King Maker was about King stepping into his Arthurian role in shaping a community, bringing hope to a neighborhood torn apart by poverty and violence. This book is not about that, it's the second act in any good Arthurian tale. It is where the King's flaws start to show, where the violence he sought be rid of is shown to be truly systematic and beyond the scope of one man and his crew. This book does not contain the same hope that it's predecessor did but it still recognizes that there is still g King Maker was about King stepping into his Arthurian role in shaping a community, bringing hope to a neighborhood torn apart by poverty and violence. This book is not about that, it's the second act in any good Arthurian tale. It is where the King's flaws start to show, where the violence he sought be rid of is shown to be truly systematic and beyond the scope of one man and his crew. This book does not contain the same hope that it's predecessor did but it still recognizes that there is still good in the world, it's just beyond to abilities of one man. It is showing us that taking the weight of the world onto your shoulders won't solve anything. Quite the worthy follow up to King Maker this book expands more into the nature of magic and how it's all tied up in the inner city drug trade. While darker in places than it's predecessor I'll still strongly recommend it to anyone who enjoyed the first book.

  10. 5 out of 5

    Josh

    Frustrating. Maurice Broaddus CAN write but this book is plotless and lacks character depth. Somehow, King becomes a messiah, the Godfather of the ghetto without reason, there is little written about the rise in respect and cred of King, only that people follow and heed his order. As does KING MAKER, this book suffers from too many characters playing too little roles. The fantastical elements also seemed an afterthought, had this been a pure crime maybe I would've bumped it up a star - it just d Frustrating. Maurice Broaddus CAN write but this book is plotless and lacks character depth. Somehow, King becomes a messiah, the Godfather of the ghetto without reason, there is little written about the rise in respect and cred of King, only that people follow and heed his order. As does KING MAKER, this book suffers from too many characters playing too little roles. The fantastical elements also seemed an afterthought, had this been a pure crime maybe I would've bumped it up a star - it just didn't read well for me.

  11. 5 out of 5

    Jenny T.

    This is a free book from the Goodreads First Reads giveaways! I really tried to like this book which was categorized as "urban fantasy." I'm not sure if I was at a disadvantage since I did not read volume 1 in the series. The writing had moments that reflected the ghetto type living with shades of Legend of King Arthur which caught my interest. Unfortunately it seemed like the author was juggling too many characters and missed out on plot development. Plus the parts involving magic seemed like an This is a free book from the Goodreads First Reads giveaways! I really tried to like this book which was categorized as "urban fantasy." I'm not sure if I was at a disadvantage since I did not read volume 1 in the series. The writing had moments that reflected the ghetto type living with shades of Legend of King Arthur which caught my interest. Unfortunately it seemed like the author was juggling too many characters and missed out on plot development. Plus the parts involving magic seemed like an afterthought and did not really add much to the story.

  12. 5 out of 5

    Craig

    This is the second volume of the story of Camelot as played out in the world of contemporary street gangs, drugs, violence, and poverty. The portrayal is both relentlessly and excellently executed, and, while it is neither an easy nor a fun book to read, it is gripping and moving. The Arthurian and supernatural elements don't feel as prevalent as they did in the first volume, but the major players seem to be more sympathetic. It's definitely a very worth-while gritty and thought-provoking work. This is the second volume of the story of Camelot as played out in the world of contemporary street gangs, drugs, violence, and poverty. The portrayal is both relentlessly and excellently executed, and, while it is neither an easy nor a fun book to read, it is gripping and moving. The Arthurian and supernatural elements don't feel as prevalent as they did in the first volume, but the major players seem to be more sympathetic. It's definitely a very worth-while gritty and thought-provoking work.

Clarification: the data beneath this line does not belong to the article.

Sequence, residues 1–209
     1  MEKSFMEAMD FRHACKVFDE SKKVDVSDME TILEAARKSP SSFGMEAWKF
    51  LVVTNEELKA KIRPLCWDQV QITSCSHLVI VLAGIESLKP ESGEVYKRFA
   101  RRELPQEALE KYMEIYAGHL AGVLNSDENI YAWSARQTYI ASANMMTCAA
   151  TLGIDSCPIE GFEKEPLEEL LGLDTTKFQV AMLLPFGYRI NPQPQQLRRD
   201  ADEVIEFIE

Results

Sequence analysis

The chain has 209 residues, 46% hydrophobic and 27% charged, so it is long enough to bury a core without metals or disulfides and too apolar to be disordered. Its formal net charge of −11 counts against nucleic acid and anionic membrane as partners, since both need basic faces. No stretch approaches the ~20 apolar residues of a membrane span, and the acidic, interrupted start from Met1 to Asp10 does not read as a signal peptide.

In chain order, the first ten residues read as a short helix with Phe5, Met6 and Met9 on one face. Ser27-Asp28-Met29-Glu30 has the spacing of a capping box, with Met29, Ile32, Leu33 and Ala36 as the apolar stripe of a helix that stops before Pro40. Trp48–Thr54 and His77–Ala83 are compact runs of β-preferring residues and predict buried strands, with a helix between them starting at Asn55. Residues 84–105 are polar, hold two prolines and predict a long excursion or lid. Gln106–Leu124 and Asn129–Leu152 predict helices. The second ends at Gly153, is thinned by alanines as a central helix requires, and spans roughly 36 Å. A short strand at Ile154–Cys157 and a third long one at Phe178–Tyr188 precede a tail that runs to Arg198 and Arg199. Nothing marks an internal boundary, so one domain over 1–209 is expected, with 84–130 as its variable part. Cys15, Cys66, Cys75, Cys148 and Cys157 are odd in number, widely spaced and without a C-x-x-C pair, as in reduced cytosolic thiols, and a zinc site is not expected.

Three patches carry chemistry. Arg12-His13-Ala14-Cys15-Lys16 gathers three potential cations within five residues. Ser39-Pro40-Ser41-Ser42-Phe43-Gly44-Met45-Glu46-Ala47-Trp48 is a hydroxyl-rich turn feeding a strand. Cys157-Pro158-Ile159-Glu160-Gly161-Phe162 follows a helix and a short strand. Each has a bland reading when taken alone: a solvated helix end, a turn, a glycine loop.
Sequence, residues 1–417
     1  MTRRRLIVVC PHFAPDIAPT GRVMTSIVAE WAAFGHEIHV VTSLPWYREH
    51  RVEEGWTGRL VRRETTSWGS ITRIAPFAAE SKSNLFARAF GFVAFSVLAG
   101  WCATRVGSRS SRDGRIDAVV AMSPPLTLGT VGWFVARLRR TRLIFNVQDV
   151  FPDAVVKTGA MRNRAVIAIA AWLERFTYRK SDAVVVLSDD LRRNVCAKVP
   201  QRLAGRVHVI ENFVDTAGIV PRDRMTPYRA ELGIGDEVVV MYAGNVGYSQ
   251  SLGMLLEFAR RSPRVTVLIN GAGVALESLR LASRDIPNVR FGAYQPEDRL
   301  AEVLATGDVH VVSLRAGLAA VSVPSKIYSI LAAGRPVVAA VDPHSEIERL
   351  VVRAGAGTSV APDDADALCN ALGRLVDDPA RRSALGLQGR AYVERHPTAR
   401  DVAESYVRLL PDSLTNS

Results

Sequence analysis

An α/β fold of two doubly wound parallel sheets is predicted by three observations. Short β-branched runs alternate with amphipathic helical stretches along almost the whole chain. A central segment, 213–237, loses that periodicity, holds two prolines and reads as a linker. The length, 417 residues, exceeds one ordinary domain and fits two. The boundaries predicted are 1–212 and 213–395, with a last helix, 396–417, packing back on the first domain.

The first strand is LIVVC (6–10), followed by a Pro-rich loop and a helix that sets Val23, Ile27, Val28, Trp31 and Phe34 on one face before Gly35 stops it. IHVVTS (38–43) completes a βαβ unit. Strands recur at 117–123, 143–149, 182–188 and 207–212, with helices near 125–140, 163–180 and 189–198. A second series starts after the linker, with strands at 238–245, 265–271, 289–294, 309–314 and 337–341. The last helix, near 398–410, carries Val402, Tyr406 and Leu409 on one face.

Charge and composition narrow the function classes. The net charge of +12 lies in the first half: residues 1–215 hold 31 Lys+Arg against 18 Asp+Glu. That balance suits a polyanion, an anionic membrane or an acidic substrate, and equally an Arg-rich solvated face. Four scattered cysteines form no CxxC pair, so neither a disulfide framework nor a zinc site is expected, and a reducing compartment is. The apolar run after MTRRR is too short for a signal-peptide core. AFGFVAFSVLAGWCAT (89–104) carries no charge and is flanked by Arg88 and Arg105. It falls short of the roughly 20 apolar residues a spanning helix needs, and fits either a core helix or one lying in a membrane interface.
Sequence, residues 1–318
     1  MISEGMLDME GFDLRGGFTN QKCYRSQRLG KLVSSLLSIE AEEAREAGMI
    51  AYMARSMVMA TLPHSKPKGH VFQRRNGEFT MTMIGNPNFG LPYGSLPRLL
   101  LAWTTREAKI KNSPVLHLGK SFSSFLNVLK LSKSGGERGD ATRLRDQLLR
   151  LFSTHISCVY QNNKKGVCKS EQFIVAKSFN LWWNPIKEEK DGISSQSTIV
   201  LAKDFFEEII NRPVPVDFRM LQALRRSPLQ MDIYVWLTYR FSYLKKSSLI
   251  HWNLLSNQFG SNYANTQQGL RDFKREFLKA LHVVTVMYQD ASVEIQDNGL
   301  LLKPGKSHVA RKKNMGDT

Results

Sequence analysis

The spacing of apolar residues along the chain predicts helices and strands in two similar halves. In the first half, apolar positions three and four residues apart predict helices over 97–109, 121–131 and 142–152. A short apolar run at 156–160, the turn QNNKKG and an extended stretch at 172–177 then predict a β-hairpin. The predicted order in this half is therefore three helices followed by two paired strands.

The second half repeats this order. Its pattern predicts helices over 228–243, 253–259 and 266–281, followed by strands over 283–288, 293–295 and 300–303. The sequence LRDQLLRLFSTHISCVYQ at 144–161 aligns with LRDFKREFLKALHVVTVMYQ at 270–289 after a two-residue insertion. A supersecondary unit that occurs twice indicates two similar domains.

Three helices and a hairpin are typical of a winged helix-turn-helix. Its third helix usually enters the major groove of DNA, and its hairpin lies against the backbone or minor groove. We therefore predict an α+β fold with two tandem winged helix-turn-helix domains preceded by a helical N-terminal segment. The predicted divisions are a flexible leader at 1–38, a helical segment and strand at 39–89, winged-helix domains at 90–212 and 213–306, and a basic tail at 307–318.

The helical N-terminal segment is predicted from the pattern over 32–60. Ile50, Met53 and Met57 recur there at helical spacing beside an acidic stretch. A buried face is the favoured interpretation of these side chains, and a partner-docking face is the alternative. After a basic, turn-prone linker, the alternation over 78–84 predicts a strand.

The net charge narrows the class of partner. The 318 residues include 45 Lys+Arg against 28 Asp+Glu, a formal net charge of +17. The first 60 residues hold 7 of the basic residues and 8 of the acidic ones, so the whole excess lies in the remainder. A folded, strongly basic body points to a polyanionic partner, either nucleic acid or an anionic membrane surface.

13. 5 out of 5

    Tyrannosaurus regina

    While I'm still interested in the ongoing story, this instalment just didn't quite do it for me. I felt like there was excessive physical description of every character that arrived on the scene, and the story itself needed to be a bit tighter so it didn't feel like it was meandering all over the place without a resolution. The epilogue rocked my world, though, and I'm looking forward to reading book three. While I'm still interested in the ongoing story, this instalment just didn't quite do it for me. I felt like there was excessive physical description of every character that arrived on the scene, and the story itself needed to be a bit tighter so it didn't feel like it was meandering all over the place without a resolution. The epilogue rocked my world, though, and I'm looking forward to reading book three.

  14. 5 out of 5

    blondie ♡

    Thank you for the win, goodreads! This book looks very promising, maybe not something I would choose to read if given my pick, but that's the beauty of the giveaways: they push me out of my comfort zone and expose me to new things when I've become stuck in my ways! I'll have to get my hands on the first one of the series before this one arrives. I'm excited! I can't wait to try them out :) Thank you for the win, goodreads! This book looks very promising, maybe not something I would choose to read if given my pick, but that's the beauty of the giveaways: they push me out of my comfort zone and expose me to new things when I've become stuck in my ways! I'll have to get my hands on the first one of the series before this one arrives. I'm excited! I can't wait to try them out :)

  15. 4 out of 5

    Carol Smith

    This was my first book won on this site and I can't help it but I have to say that it wasn't a good book. Matter of fact I did not finish it, even though i tried. I did not read the first one, and maybe that is part of it but at the same time i made it to page sixty and had to stop. This was my first book won on this site and I can't help it but I have to say that it wasn't a good book. Matter of fact I did not finish it, even though i tried. I did not read the first one, and maybe that is part of it but at the same time i made it to page sixty and had to stop.

  16. 5 out of 5

    Tricia (McAllister) Houseman

    I still need to read the vol 1. It was a pretty good book, I am gonna guess that it will be a bit better if I followed the order :)

  17. 5 out of 5

    Jeffrey

    I won this from Goodreads First Reads. Looking forward to receiving it. Thanks.

  18. 5 out of 5

    Trista

  19. 4 out of 5

    Alexa

  20. 4 out of 5

    Jerold Farver

  21. 4 out of 5

    Pjeb

  22. 5 out of 5

    Meril

  23. 5 out of 5

    Anthony

  24. 5 out of 5

    Briahna

  25. 4 out of 5

    David

  26. 4 out of 5

    Chesya Burke

  27. 4 out of 5

    Sasha

  28. 5 out of 5

    A'Llyn Ettien

  29. 4 out of 5

    Matt

  30. 5 out of 5

    James Landry